Holly Cave explores the blissful country, famed for its luscious landscapes, snow-capped mountains and antique folklore heritage.
So close to home, Norway’s incredible scenery is often overlooked. Bursting with myths and legends dating back to the Vikings, this glacier-sculpted landscape with its cobalt seas, snow-capped mountains and crystal clear waterfalls will stun you with its beauty.
Norway’s rugged slopes rise steeply out of the North Atlantic Ocean, but the waters penetrate deep inland, meaning you don’t have to travel far to find one of the country’s famous fjords. Many visitors are amazed by the extent of Norway’s coastline. Including its fjords, the land/sea boundary stretches 25,000 kilometres – that’s longer than the coastline of the United States – making it one of the longest in the world. Norway’s many islands factor into that figure, extending an estimated 100,000 kilometres. While the most famous, UNESCO protected fjords are located around Geiranger and Flåm, with such seawater inlets scattered throughout Norway. Sailing through the dramatic scenery is an experience everyone should have at least once in their lifetime.
It’s a long, long way to the far north of the country. Whether you head this far will depend on how much time you have. But you don’t always need to make it to the furthest reaches of the North Cape or to the island of Svalbard near the North Pole to catch a glimpse of the magical Northern Lights. While these places tend to offer optimal viewing conditions, the swirling, flickering colours of the Aurora Borealis can often be seen all over Norway.
The pretty Lofoten Islands are a good choice, situated just inside the Arctic Circle. Not quite so far north, they are warmed by the Gulf Stream and offer an excellent position for sky gazing. During the day, you can sail between local fishing communities, explore the fjords by ferry or bicycle, visit the Lofotr Viking Museum, and/or take a marine safari in the hope of spotting a killer whale.
Viewing the Northern Lights is not always guaranteed, but to maximise your chances, head there between October and March, avoid the full moon and move into the wilderness, well away from bright and artificial lights. Slightly inland, Narvik is a great base in the north of the country. Skiers flock to the steep slopes of Narvikfjellet, and the Polar Park Arctic Wildlife Centre draws in visitors to see its pack of wolves. A programme designed to educate the public about these wild creatures allows visitors to get up close and personal. You can even learn how to howl alongside them.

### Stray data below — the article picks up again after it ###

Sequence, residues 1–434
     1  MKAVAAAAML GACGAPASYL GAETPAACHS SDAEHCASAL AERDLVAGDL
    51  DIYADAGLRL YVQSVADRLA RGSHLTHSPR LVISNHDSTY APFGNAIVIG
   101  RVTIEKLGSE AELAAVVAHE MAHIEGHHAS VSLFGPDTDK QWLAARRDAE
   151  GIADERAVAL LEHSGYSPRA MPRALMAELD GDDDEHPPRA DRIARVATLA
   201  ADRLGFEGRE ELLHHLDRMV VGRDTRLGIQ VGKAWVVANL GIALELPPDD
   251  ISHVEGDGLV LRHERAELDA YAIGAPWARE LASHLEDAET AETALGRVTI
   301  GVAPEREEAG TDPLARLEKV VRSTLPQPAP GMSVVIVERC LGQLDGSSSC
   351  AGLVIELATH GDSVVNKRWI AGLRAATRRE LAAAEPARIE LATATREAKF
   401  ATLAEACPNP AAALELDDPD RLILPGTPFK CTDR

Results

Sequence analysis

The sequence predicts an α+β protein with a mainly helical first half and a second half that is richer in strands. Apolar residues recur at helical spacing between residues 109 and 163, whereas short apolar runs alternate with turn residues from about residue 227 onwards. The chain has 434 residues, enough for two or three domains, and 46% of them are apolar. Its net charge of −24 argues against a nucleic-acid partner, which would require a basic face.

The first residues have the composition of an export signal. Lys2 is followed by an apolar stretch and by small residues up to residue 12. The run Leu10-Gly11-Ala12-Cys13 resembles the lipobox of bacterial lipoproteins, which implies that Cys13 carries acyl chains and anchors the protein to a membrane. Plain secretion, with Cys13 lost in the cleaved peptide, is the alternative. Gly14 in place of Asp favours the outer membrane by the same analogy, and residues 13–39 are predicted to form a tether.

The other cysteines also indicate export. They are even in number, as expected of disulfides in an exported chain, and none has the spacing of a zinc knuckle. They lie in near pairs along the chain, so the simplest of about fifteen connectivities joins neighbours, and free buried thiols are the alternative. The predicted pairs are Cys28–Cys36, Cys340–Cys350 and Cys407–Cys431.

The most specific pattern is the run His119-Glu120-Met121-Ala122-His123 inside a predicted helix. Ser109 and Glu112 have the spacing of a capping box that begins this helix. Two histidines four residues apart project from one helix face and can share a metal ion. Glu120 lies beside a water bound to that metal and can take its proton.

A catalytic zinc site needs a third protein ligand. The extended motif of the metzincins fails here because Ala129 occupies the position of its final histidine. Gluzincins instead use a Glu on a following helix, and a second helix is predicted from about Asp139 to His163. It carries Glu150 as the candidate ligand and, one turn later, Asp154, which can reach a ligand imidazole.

A little further north is the city of Tromso: the 'Capital of the Arctic.' This lovely city has a lot to offer visitors, from the world's northernmost botanical gardens to concerts in the iconic and daringly modern Arctic Cathedral. Midnight Sun Concerts are held here yearly in the summer and are perennially popular. Tromso is packed with wonderful museums and galleries, and a short trip outside city limits will bring you to quaint little villages comprised of traditional wooden buildings, such as Lyngseidet. A huge range of tours can take you on a variety of outward bound activities, from dog sledding to snowshoeing and zipping between the trees on a snowmobile.
Many ocean cruises transport passengers all the way up to the unforgettable desolation of the polar ice cap. In the summer months, you’ll be sorely tempted to rouse yourself in the middle of the night and creep out on deck to watch the golden glimmer of the midnight sun on the sea. Half of Norway lies above the Arctic Circle, so in midsummer the midnight sun can be seen anywhere north of Bodø. On the longest days of the year, it is not uncommon to be able to read a book at any time of night without turning on your bedside lamp.
Norway widens out at its southern end like a drop of water. Bergen and Stavanger sit along the west coast and across from them lays Oslo in the east. Between these cities, you will find the fertile valley of Setesdal and the vast, reindeer inhabited mountain plateau of Hardangervidda.
The latter is perfect for hikers and cyclists and is crisscrossed by well-marked paths. Norway’s most popular cycle route is the 100 kilometre long Rallarvegen (the Navvies’ Road). Excursions take visitors to admire the country’s largest glaciers, mirror-like lakes and waterfalls. Oslo offers a glimpse of Norway for many visitors.
Sitting at the tip of Oslo Fjord, this eclectic city is visually impressive and packed with things to do. Don’t miss out on a comprehensive insight into the country’s cultural roots at the amazing National Gallery, or simply wander around the open air Folk Museum. A cruise along the waterfront allows you to take in the Opera House, with the ski jump simulator at the Holmenkollen Ski Jump and Ski Museum an additional must see.
GTW recommends that you focus on one or two regions, depending on what you most want to see. Norway is a vast country and much of it remains remote and uninhabited, which is part of what makes it such an exhilarating destination. It is also worth bearing in mind that Norway isn’t the cheapest of destinations. Thanks to its vast oil reserves, it’s one of the world’s richest countries and some visitors are still surprised by the cost of short taxi trips and the price of food in restaurants, for example. Yet accessing the country’s beauty is always without charge. National parks and even privately owned land is opened to all. Plus, the main galleries and museums have no admission fees.